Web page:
There is a great variety across different nations with respect to environments for windowing and VOD. In some territories’ theatrical leverage prevents VOD debuts[xii] including the US[xiii], but the move towards theatrical and fewer simpler at home windows is inevitable with pilots at large (Imax and Netflix)[xiv] and smaller scales (Curzon[xv] and Artificial Eye[xvi]). Other nations’ VOD models include develop innovative festival availability to address the glut of content and capitalise on period of most attention, be it for market sales (Venice)[xvii] or straight to consumer (Rotterdam)[xviii]. Sales agents and distributors generally want to exploit new avenues “without crippling the global pre-financing system”[xix] and so innovation is generally limited, undisclosed and not spreadable. But despite inertia these very complex areas are changing and are recognised as requiring research[xx] and attention. For instance, Joint-Venture initiatives between producers and distributors in which value can be ascertained earlier and developed through audience engagement activity usually beyond the financial scope of producers.[xxi]
These issues point to the conclusion that understanding the new evaluative processes connected to VOD rights will be extremely important to film financing. The investor finder network Slated offers a great example of how traditional film characteristics are being deployed in a digitally mediated environment. Calculative metrics such as credits, box office, script labs and awards, genre budget, and peer evaluated company attachments, together form a market construction device. In using packaging and credit scores investors implicate such formulae in their own evaluation processes and economic transactions result. Producers also benefit by understanding a more robust and standardised element of how their project is evaluated by potential partners.
The value of international home entertainment rights and audience engagement data are increasingly important factors as filmmakers deal with the question of how to attract shrinking finance. For example the amounts quoted for Netflix rights buys in France are 15% of the norm[xxii]. Filmmakers must develop strategies for appealing to new types of buyers, and be able to assess when DIY on-demand or festival linked releases offer better chances of success than rights sales in particular territories. PR companies, producers, sales agents and management have long monitored social media and online opinion during festivals and markets as part of deal making techniques, it is now being standardised and legitimised.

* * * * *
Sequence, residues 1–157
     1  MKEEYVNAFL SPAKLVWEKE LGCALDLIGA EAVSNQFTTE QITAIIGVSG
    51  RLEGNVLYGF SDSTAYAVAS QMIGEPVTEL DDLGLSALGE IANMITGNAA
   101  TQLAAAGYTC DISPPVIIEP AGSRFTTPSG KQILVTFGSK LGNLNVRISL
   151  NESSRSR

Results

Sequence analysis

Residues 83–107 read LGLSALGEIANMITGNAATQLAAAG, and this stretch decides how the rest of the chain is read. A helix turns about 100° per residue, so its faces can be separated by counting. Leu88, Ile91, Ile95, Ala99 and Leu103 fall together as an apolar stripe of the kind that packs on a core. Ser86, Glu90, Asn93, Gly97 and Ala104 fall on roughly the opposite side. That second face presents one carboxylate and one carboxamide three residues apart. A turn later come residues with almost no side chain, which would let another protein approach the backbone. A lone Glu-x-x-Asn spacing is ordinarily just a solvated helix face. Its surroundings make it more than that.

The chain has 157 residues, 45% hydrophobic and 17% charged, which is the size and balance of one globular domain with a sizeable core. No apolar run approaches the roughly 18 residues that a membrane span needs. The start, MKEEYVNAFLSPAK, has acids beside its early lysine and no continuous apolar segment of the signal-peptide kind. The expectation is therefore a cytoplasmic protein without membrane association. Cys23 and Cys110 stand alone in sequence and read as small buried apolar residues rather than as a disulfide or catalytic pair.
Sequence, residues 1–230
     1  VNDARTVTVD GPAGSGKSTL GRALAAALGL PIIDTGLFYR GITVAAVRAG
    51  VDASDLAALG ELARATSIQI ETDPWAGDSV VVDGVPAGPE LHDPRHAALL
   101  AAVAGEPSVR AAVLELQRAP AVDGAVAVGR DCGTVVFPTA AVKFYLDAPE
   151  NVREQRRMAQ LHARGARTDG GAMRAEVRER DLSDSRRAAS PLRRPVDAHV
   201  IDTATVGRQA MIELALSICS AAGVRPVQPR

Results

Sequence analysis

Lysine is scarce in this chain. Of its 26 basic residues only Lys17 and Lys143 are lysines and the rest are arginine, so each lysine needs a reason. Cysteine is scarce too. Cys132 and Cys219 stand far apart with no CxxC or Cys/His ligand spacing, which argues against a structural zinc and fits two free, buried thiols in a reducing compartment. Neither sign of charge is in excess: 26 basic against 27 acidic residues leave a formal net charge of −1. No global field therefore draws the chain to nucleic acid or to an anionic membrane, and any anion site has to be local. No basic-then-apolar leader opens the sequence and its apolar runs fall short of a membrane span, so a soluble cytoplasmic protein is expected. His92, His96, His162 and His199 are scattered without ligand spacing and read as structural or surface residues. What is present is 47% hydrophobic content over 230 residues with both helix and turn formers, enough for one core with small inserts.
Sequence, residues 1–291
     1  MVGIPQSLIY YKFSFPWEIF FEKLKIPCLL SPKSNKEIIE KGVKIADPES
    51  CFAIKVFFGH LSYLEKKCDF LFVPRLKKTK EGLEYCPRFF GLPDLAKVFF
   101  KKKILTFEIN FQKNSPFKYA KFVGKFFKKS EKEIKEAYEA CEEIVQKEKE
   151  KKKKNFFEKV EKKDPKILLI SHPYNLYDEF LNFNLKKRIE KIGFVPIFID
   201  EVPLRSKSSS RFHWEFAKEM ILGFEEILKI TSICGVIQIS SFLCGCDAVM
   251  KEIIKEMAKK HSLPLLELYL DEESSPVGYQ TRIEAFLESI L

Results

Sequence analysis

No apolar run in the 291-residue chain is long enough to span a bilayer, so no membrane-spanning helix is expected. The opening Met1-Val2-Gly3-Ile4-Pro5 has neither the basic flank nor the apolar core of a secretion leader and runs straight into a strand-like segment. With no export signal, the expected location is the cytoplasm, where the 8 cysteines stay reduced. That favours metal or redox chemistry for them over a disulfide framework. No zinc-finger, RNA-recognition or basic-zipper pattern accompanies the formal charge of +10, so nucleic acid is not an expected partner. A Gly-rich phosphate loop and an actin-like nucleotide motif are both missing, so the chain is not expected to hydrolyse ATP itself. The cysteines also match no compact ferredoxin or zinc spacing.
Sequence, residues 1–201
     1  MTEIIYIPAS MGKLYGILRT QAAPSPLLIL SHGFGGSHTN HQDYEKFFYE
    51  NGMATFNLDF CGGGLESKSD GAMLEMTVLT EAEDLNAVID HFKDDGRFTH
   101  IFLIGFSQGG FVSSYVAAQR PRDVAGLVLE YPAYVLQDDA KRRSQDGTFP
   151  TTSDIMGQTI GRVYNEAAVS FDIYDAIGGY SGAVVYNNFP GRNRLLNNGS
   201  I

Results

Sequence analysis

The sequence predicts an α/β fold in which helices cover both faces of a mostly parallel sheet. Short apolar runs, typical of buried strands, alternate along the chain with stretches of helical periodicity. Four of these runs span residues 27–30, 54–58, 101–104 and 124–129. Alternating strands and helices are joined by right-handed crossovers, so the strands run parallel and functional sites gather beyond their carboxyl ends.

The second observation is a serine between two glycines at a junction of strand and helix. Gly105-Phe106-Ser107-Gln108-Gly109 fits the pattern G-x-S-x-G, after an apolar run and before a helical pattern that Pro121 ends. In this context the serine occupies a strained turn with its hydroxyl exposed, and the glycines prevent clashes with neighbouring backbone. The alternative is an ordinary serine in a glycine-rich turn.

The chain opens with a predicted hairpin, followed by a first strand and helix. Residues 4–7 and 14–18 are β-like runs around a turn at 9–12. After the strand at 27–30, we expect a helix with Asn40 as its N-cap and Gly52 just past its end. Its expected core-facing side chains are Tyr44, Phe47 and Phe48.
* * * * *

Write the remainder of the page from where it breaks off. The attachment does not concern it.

Building in audience demand data to more traditional evaluative frameworks will facilitate a smarter boundary object to enable deals between partners. For investors evaluating a project to part-finance, an understanding of how digital rights are valued is essential and digital engagement will play a role in this. Whilst sales agents have traditionally been in a position of strength thanks to their historical data of comparable titles’ performance per window and per territory, evidence from Netflix indicates that sales agents will be missing some vital data and that old patterns linking performance across windows no longer hold as these barriers come down. The role of audience digital engagement is paramount in managing uncertainty.
Digital Audience Engagement Metrics: Challenging new calculative practices
“Algorithms drive our entire website— there isn’t an inch of uncalculated editorial space.”[xxiii] Ted Sarandos, Chief Content Officer of Netflix, 2014
Evidence from Netflix gives credence to arguments that understanding audience engagement data will be crucial to film financing, and that the future of independent filmmaking faces a more complex threat than is commonly understood. Comparing the quote above, to the explanation of current practice by global distribution force Entertainment One below, it is clear that there is a barrier to be breached in terms of understanding as windows further conflate and financing patterns change.